The Court has never held, of course, that discrimination by an otherwise private entity would be violative of the Equal Protection Clause if the private entity receives any sort of benefit or service at all from the State, or if it is subject to state regulation in any degree whatever. Since state-furnished services include such necessities of life as electricity, water, and police and fire protection, such a holding would utterly emasculate the distinction between private, as distinguished from state, conduct set forth in The Civil Rights Cases, supra, and adhered to in subsequent decisions. Our holdings indicate that, where the impetus for the discrimination is private, the State must have "significantly involved itself with invidious discriminations," Reitman v. Mulkey, 387 U.S. 369, 380 (1967), in order for the discriminatory action to fall within the ambit of the constitutional prohibition.

Our prior decisions dealing with discriminatory refusal of service in public eating places are significantly different factually from the case now before us. Peterson v. City of Greenville, 373 U.S. 244 (1963), dealt with the trespass prosecution of persons who "sat in" at a restaurant to protest its refusal of service to Negroes. There, the Court held that, although the ostensible initiative for the trespass prosecution came from the proprietor, the existence of a local ordinance requiring segregation of races in such places was tantamount to the State's having "commanded a particular result," 373 U.S. at 248. With one exception, which is discussed infra at 178-179, there is no suggestion in this record that the Pennsylvania statutes and regulations governing the sale of liquor are intended either overtly or covertly to encourage discrimination. [p174]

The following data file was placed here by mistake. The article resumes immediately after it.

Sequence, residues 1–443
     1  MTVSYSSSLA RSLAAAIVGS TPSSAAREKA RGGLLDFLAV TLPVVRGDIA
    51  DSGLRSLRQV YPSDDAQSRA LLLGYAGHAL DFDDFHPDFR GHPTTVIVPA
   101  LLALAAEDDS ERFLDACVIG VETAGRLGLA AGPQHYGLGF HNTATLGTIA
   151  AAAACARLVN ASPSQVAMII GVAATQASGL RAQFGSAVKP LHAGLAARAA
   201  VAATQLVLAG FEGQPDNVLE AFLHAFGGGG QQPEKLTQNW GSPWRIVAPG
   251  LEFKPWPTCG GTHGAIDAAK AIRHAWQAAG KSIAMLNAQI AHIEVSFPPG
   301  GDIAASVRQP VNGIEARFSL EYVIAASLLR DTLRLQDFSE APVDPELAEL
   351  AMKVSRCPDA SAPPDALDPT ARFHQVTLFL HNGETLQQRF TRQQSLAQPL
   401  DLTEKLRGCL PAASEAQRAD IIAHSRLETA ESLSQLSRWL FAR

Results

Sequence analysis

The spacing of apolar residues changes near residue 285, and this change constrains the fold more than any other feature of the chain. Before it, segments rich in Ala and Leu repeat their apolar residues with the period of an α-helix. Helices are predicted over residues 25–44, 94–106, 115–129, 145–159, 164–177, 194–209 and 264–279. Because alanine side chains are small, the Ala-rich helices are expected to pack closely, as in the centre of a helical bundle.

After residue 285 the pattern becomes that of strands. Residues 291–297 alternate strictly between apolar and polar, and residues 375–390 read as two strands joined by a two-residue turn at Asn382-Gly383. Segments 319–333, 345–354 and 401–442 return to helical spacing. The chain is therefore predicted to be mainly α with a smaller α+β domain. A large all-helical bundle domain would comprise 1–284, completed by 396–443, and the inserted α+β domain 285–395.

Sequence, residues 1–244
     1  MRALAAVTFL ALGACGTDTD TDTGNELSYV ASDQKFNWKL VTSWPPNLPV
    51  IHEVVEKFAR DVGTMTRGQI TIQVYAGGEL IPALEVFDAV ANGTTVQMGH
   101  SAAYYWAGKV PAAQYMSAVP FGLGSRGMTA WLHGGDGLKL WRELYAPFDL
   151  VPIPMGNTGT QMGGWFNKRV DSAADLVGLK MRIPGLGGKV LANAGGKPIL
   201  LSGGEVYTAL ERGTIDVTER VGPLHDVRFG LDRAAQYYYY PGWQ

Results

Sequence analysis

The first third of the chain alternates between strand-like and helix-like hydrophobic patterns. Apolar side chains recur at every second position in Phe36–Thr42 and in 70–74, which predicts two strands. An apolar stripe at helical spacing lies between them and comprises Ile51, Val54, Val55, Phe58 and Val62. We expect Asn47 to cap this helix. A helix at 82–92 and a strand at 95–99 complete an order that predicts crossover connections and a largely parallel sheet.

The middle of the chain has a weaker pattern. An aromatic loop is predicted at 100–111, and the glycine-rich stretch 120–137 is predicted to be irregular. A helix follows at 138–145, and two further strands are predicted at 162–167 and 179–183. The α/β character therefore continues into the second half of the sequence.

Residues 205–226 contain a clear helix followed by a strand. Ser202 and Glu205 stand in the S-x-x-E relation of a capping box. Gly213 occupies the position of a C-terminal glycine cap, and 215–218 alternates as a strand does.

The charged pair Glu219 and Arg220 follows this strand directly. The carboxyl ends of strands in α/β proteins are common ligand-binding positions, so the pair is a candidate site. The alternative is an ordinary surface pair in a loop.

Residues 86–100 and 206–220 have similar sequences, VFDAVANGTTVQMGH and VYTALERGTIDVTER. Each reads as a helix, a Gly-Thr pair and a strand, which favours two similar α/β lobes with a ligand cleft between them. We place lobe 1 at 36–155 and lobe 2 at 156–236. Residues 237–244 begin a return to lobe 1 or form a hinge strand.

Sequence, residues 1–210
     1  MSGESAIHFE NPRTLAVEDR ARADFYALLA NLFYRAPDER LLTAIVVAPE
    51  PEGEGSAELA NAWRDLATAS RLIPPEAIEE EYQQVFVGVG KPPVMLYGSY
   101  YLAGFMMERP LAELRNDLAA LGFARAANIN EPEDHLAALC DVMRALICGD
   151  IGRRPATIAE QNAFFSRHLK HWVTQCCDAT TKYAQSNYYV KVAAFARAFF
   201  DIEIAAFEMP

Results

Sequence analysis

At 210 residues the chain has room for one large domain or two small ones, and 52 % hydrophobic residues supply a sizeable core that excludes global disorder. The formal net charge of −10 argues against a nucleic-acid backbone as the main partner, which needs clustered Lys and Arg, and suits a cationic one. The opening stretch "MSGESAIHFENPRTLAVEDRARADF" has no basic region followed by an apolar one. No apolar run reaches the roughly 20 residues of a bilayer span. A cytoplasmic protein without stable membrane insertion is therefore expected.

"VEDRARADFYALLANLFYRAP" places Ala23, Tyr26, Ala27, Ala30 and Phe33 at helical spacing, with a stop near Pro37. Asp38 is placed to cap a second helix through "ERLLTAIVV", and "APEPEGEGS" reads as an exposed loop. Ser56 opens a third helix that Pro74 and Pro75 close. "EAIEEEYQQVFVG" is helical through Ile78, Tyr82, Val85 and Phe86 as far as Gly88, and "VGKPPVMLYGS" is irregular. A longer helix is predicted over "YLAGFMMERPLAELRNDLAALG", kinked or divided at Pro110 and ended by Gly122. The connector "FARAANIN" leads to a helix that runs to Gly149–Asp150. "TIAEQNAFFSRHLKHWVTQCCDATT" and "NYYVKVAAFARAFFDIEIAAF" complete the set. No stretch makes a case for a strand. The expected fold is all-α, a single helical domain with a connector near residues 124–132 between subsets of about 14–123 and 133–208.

In Burton, supra, the Court's full discussion of the facts in its opinion indicates the significant differences between that case and this:

The land and building were publicly owned. As an entity, the building was dedicated to "public uses" in performance of the Authority's "essential governmental functions." [Citation omitted.] The costs of land acquisition, construction, and maintenance are defrayed entirely from donations by the City of Wilmington, from loans and revenue bonds and from the proceeds of rentals and parking services out of which the loans and bonds were payable. Assuming that the distinction would be significant, [citation omitted] the commercially leased areas were not surplus state property, but constituted a physically and financially integral and, indeed, indispensable part of the State's plan to operate its project as a self-sustaining unit. Upkeep and maintenance of the building, including necessary repairs, were responsibilities of the Authority, and were payable out of public funds. It cannot be doubted that the peculiar relationship of the restaurant to the parking facility in which it is located confers on each an incidental variety of mutual benefits. Guests of the restaurant are afforded a convenient place to park their automobiles, even if they cannot enter the restaurant directly from the parking area. Similarly, its convenience for diners may well provide additional demand for the Authority's parking facilities. Should any improvements effected in the leasehold by Eagle become part of the realty, there is no possibility of increased taxes being passed on to it, since the fee is held by a tax exempt government agency. Neither can it be ignored, especially in view of Eagle's affirmative allegation that for it to serve Negroes would injure its business, that [p175] profits earned by discrimination not only contribute to, but also are indispensable elements in, the financial success of a governmental agency.